Lab finds NDMA in Zantac can develop during storage
Another testing lab has jumped into the Zantac impurity fray and urged the FDA to recall all ranitidine drugs. Emery Pharma says its testing shows that the level of the suspected carcinogen NDMA can increase if the drug is exposed to high heat, even after it has been packaged.
The Alameda, California independent lab has filed a Citizen Petition asking the FDA to suspend sales and recall all ranitidine-based products from the U.S. because of the potential contamination, according to a Citizen Petition first reported by Bloomberg.
"Our preliminary data indicate that NDMA accumulates in ranitidine-containing drug products on
exposure to elevated temperatures, which would be routinely reached during shipment and during storage. More importantly, these conditions occur post-lot release by the manufacturer. Hence, while NDMA levels in ranitidine may be acceptable at the source, they may not be so when the drug is purchased and subsequently at the time of consumption by the consumer," the petition says.
The suggests the drugs should be stability tested before they are sold and be temperature-controlled during shipping. The lab also suggests the FDA require a warning that the drugs might form potentially cancer-causing NDMA if they are exposed to heat.
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The citizen petition from Emery follows one in October from Valisure which also urged the FDA to recall products. The Valisure petition says that heat from manufacturing can create high levels of N-Nitrosodimethylamine (NDMA). It said it tested batches made by different manufacturers and of different dose forms of the heartburn medicine and that it “detected extremely high levels” of NDMA in every lot of ranitidine that it tested.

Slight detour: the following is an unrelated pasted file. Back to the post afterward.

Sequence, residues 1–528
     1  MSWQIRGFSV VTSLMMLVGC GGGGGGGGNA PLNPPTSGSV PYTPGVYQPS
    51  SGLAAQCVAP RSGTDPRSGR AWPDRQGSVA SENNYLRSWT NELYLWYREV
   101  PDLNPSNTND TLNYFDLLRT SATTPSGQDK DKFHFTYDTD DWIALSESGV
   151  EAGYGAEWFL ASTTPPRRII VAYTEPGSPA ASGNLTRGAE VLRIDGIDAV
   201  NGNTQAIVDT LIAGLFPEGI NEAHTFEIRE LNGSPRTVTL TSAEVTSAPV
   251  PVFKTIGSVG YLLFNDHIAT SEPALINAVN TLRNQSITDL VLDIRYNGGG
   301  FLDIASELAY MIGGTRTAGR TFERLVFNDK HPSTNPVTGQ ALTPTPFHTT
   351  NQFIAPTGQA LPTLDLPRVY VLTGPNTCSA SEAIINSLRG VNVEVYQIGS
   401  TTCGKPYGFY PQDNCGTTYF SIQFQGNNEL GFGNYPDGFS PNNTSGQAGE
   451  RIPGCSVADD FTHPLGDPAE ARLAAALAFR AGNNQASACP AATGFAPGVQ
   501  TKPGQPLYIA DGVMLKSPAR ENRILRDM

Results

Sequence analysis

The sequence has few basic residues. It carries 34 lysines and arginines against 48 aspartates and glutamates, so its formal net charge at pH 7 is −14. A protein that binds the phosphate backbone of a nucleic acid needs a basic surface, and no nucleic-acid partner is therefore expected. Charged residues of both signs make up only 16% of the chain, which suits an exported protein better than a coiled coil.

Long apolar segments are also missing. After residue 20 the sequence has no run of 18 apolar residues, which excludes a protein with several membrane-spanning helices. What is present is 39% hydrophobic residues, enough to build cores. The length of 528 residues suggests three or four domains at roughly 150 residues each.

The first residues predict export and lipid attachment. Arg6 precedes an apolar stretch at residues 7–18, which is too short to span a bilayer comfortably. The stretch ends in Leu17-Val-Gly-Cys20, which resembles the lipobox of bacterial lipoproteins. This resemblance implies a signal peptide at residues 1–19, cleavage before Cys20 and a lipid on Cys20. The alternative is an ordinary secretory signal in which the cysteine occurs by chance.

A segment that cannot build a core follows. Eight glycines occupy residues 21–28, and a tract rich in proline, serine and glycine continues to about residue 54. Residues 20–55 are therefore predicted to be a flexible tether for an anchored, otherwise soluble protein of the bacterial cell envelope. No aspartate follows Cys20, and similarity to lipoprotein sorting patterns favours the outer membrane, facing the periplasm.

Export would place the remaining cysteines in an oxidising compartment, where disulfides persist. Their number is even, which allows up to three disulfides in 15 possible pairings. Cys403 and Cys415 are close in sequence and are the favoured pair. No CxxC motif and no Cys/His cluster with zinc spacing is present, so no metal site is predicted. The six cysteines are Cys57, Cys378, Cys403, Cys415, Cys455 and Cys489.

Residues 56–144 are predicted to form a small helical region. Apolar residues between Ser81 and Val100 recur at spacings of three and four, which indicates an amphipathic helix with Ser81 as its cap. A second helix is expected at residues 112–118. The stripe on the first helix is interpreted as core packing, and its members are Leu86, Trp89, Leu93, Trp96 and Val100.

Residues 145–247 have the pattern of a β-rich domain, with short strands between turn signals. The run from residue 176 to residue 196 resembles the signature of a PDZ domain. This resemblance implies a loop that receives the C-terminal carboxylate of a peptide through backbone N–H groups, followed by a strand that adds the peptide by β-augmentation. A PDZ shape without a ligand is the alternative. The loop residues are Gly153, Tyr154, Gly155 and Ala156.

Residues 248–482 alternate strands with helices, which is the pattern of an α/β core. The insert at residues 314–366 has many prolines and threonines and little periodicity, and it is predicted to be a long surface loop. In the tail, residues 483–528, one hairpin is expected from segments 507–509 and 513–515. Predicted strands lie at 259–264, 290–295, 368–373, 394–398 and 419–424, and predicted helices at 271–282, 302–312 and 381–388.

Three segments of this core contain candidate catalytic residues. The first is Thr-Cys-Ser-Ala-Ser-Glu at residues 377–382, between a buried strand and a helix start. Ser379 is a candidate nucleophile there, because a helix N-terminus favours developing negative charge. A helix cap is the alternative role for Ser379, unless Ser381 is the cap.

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The FDA, which is investigating the findings, has asked drugmakers to test all batches of the ranitidine drugs they produce and to not release any that have NDMA above a certain threshold. Many drugmakers decided not to ship or sell generic Zantac after the findings. Some have voluntarily recalled their products and some retailers have decided to quit selling them while the matter plays out.
Still, some have remained on the market. India’s Glenmark recalled nearly 2,000 lots of its Zantac generics several weeks ago after testing found NDMA above the FDA-recommended threshold.
The findings from Emery complicates the situation because it suggests the level of the carcinogen could get more toxic after the drugs have been tested. It says that it tested stored ranitidine at different temperatures and for different lengths of time and found that the levels of NDMA can rise during storage.
The petition says that after just five days at 70 degrees Celsius (158 degrees Fahrenheit), the NDMA had risen above the FDA’s 96-nanogram limit for NDMA. After 12 days, it was up to 142 nanograms of NDMA. Lower temperatures also caused the NDMA in ranitidine to increase over time.
“I am worried that if it just sits at home at room temperature, it could gradually generate NDMA,” Emery CEO Ron Najafi told Bloomberg.